Egypt's government began elaborating the details for the third year of the economic reform program, after it received the first tranche of the IMF loan worth US$2.75 billion, now deposited with the Central Bank of Egypt.
An official government source told Al-Masry Al-Youm that CBE is scheduled to deliver the loan to the Finance Ministry after converting it from US dollars to Egyptian pounds. The money will be used to reduce the budget deficit, which stands at LE320 billion for the current fiscal year.
The source pointed out that the economic program will include continued subsidy cuts, until fuel and electricity prices reach global rates.
Investors and exporters predict high export rates of up to $27 billion over the coming year, after the approval of the IMF loan.
Meanwhile, President Abdel Fattah al-Sisi on Saturday held a high-level meeting with the Prime Minister, the Governor of the CBE and the ministers of defense, foreign affairs, interior, finance and supply; present also were the heads of the General Intelligence Service and the Administrative Control Authority.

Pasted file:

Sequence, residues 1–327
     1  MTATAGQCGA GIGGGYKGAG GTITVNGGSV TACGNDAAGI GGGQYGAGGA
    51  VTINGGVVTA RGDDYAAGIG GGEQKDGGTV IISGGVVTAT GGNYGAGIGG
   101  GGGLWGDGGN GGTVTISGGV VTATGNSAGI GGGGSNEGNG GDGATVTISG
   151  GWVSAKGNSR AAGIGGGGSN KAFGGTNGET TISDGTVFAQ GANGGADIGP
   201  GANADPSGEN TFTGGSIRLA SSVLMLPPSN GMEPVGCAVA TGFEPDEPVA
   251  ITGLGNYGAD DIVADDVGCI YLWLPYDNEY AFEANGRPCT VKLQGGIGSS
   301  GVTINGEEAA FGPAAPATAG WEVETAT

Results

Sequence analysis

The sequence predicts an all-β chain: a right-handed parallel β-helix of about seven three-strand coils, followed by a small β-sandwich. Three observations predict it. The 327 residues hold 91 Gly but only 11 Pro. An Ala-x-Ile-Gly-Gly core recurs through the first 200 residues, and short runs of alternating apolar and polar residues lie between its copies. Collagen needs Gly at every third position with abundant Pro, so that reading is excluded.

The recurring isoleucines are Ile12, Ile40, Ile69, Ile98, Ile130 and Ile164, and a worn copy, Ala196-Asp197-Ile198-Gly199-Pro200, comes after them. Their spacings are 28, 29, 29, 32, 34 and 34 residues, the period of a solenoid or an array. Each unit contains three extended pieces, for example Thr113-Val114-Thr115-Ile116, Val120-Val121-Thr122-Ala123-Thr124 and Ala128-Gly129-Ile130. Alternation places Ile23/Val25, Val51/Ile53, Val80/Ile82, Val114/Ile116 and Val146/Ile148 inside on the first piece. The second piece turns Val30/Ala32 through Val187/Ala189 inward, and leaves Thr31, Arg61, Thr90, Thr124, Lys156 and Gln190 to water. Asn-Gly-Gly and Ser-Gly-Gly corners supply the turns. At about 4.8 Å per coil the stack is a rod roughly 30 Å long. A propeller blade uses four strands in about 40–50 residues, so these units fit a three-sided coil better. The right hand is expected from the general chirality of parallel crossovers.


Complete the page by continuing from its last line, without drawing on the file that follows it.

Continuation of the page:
The president commended the Egyptian people's sense of responsibility and their awareness of the importance of addressing, at this stage, the prevalent economic challenges in an effective and sustainable way.
He expressed his appreciation that Egyptians are choosing the path of development and progress, and avoiding the calls for vandalism.
President Sisi ordered a continued and intensive supervision of markets to guarantee stability in the prices of basic food commodities and their availability. He also stressed the importance of controlling the prices of the means of transportation.
Egypt won IMF approval on Friday for a three-year, US$12 billion bailout loan aimed at reviving a struggling economy, bringing down public debt and controlling inflation, while still seeking to protect the poor.
The IMF said its executive board's approval immediately disbursed the initial loan tranche of US$2.75 billion to Egypt's central bank. The remainder will be phased in over the next three years, subject to five reviews on the required economic reforms.